Armagideon Time

A crash course for the new wavers.

Sometime during my senior year in high school, medicine I borrowed a copy of Lipstick Traces, syringe rock critic Greil Marcus’s esoteric attempt to place punk rock within the context of other historical antinomian movements, here from the Boston Public Library. Even though many of the connections posited were tenuous at best and a lot of historic references were lost on me, the book’s theoretical examination of the punk movement’s anti-ideological and philosophical underpinnings was a nice alternative to the cartoon nihilism popularly associated with — and to a certain extent, embraced by — the subculture. At a time when the scene was at a low ebb, it was nice to come across some bit of discourse that aim for a higher level than the Geraldo-inspired moral panic pieces about skinheads.

The book’s real draw for me, however, was its bilbilography-slash-discography, which not only encompassed the usual suspects — Pistols/Clash/Costello — but a slew of (then) terminally obscure bands, many of which would eventually be labeled as part of the “postpunk” movement. Marcus didn’t distinguish these acts from their forebears, but rather saw them as part of the greater movement, blazing new trails through punk’s terra incognita before the genre boundaries became fixed. (I heartly agree with that assessment, though I still use those labels for clarity’s sake.)

As I’ve mentioned in previous entries of this series, the years between 1988 and 1992 were odd ones in which to be a punk rocker. With the exception of the bigger acts and current hardcore favorites, a lot of material was either out of print or only available as vintage imports priced well out of the range of anyone but deep-pocketed collectors. As a consequence, it was nigh impossible (even in the used record shops) to find anything by most of the bands Marcus rhapsodized so lyrically about in Lipstick Traces.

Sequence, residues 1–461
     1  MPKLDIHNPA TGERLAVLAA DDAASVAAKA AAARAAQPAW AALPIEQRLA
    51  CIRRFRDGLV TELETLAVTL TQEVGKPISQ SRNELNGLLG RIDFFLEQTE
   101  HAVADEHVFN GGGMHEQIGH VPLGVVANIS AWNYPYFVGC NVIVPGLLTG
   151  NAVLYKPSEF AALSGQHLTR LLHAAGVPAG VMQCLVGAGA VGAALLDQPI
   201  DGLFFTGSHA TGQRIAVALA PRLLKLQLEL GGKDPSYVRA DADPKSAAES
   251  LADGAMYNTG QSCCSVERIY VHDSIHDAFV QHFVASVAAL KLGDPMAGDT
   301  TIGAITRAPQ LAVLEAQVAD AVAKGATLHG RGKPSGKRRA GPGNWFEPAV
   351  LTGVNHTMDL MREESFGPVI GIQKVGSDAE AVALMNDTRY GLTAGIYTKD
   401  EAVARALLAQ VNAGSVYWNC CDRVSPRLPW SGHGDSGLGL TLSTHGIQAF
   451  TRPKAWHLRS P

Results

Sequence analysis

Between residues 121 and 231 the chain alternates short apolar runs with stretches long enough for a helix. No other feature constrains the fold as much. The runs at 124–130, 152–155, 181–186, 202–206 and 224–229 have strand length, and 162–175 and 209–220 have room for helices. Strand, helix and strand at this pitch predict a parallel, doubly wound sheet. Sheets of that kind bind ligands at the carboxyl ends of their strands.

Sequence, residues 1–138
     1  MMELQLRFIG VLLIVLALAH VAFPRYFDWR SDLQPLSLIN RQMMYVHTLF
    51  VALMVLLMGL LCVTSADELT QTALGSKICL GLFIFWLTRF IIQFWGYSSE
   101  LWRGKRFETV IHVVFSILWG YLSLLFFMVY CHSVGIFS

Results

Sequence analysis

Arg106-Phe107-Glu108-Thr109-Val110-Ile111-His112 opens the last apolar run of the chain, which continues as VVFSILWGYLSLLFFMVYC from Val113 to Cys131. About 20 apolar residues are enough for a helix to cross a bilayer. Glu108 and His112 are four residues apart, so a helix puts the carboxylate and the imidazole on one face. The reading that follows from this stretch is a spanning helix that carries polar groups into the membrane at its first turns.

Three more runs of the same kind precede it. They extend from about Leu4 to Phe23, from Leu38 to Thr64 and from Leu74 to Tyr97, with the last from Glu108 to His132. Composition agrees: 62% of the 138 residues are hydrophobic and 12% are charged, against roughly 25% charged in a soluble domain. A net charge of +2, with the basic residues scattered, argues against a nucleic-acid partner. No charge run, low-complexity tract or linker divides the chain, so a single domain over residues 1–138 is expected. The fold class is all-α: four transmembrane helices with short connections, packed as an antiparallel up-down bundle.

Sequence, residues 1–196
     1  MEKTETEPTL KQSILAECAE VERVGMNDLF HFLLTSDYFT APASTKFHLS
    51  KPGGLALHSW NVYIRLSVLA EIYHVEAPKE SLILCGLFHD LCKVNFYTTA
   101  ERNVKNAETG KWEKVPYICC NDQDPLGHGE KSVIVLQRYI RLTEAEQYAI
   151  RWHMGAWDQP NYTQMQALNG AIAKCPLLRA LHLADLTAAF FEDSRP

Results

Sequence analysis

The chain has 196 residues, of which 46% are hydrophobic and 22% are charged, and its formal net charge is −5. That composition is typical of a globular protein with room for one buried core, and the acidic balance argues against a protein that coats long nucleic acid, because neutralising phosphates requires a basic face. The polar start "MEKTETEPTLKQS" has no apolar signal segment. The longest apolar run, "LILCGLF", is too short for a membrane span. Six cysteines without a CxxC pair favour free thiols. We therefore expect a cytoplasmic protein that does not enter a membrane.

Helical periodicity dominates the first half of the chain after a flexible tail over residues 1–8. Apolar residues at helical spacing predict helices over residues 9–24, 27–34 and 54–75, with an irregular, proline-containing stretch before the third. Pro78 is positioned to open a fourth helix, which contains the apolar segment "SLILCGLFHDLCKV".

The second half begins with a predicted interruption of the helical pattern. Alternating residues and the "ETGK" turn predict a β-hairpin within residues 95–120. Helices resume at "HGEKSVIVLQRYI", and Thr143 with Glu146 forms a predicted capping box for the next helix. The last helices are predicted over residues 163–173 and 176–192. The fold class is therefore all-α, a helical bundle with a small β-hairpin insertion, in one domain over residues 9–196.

Some stuff could be found with a little effort — a cassette retrospective of Wire’s early singles, cut-out bin copies of Entertainment! and Unknown Pleasures, and a lucky find of a taped bootleg copy of Germ Free Adolescents at one of the shadier shops. Looking back, this quest for an affordable copy of Crossing the Red Sea with the Adverts or Delta 5’s singles is what kicked off my crate digging phase in earnest, roaming from shop to shop in hopes of ticking off another item from the dog-eared wishlist I kept in my jacket pocket.

It was the presence of the Au Pairs, one of the bands cited in Lipstick Traces and one of the harder-to-find acts on my list, that convinced me to spring the extortionate mall store prices for dust-coated double cassette copy of soundtrack to 1981’s Urgh! A Music War in the spring of 1991. I had never heard of the film prior to that purchase, though the list of (mostly, but not exclusively IRS label) artists represented on the album was pretty damn impressive — bigger “new wave” names (Gary Numan, Devo, The Go-Go’s, and The Police) sharing space with familar (Wall of Woodoo, Oingo Boingo, XTC) and lesser known — to me at the time, at least — artists.

I was a wee bit disappointed to discover, upon popping the first tape into my cassette deck, that it was the live soundtrack to a concert film, even though the quality of the performances was a cut above the usual fuzzy echo-chamber drek. The album didn’t get a lot of in-house play, but the first tape became a favorite choice for commuting music on the long bus and subway rides into UMass Boston. When the tape — along with the cassette versions of Punk & Disorderly and Walk Among Us — managed to wiggle out of my knapsack and into oblivion a few months later, I didn’t make much effort to replace it, even though the used copies of LP version were plentiful and cheap at the time.